They clapped loud and long after a session in which the chief inspector stressed the need for good basic skills but also betrayed impatience with target-setting and appraisal - and advised them to throw away inspectors' reports if the didn't agree with them.
Mr Woodhead made his surprising suggestion to a head struggling to reconcile parents' demand for good 11-plus results with inspectors' complaints about too much stress on English and maths. "Who decides?" he asked.
"You do," replied the chief inspector, "the head and governors. And if you don't agree with the inspectors, put the report in the bin - I would."
Mr Woodhead was speaking at the annual conference in York of the Independent Schools Association, which includes the heads of about 300 smaller private schools.
Averil Burgess, who chairs the newly-merged service that is to inspect independent schools on behalf of the Office for Standards in Education, expressed surprise at Mr Woodhead's remark.
"I wouldn't approve of binning a report," she told The TES. "Any (inspection) report, whether you agree with it or not, is of value. I do believe in the virtue of the outside eye - and so does he!" Mr Woodhead, who was speaking after issuing a fighting statement expressing his determination to stay on in his job, was not asked any questions about his personal difficulties. ("Whatever we think about his private life, he's spot-on about education," one head said.) The heads nodded their approval as he stressed the importance of literacy and numeracy, of phonics, and of inspirational teachers with high expectations.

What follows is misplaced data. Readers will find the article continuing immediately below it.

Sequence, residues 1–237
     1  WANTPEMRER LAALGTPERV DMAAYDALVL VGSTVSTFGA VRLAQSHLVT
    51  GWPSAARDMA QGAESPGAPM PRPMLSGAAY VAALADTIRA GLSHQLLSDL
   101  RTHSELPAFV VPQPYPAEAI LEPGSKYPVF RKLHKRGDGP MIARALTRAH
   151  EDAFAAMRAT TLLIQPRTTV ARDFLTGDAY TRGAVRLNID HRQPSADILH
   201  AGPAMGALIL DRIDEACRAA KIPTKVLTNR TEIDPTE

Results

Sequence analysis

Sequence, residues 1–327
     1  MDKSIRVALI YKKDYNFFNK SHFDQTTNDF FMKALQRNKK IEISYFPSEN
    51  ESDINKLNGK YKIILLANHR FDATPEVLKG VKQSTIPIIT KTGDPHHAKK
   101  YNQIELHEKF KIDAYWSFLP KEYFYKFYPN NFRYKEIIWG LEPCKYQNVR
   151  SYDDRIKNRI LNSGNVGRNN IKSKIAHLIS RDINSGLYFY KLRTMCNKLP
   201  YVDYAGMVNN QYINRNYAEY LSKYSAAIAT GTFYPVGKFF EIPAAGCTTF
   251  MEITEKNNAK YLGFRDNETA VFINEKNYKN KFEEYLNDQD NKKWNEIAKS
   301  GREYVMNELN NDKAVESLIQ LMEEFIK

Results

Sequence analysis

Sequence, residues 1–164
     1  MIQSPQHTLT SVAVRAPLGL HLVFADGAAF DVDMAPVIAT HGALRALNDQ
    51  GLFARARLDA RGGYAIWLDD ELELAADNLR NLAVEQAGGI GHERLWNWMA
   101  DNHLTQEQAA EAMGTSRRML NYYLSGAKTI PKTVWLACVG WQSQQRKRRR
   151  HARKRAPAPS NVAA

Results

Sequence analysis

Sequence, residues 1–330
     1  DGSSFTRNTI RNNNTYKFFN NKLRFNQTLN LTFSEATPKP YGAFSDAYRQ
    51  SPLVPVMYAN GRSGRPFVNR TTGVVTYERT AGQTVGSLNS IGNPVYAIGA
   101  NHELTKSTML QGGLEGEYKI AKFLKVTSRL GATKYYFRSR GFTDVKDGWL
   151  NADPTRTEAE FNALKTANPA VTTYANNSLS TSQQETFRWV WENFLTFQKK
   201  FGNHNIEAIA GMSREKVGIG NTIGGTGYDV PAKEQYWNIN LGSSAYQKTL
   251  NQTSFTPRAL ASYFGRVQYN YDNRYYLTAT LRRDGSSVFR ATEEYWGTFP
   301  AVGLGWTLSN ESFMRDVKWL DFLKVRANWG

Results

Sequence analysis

He urged them to raise their eyes to the horizon, beyond target-setting and appraisal, to an often idiosyncratic vision of the true purpose of education.
During his week's walking holiday in Wales, when not dodging the odd wandering paparazzo, Mr Woodhead revealed that he had been reading the biography of "Gorty" - Neville Gorton, a former head of Blundells, the public school in Devon.
As he recounted anecdotes about "Gorty" - dumping books and rushing onto the rugger pitch, gown flapping, to show sluggish boys how to push in a scrum - the chief inspector's eyes grew misty with reverence. "Gorty" would have put the national curriculum in the bin, he said. "Gorty" would probably never have passed his PGCE...
"No one else would have got away with it," one member of his audience remarked later. "It's pure Mr Chips."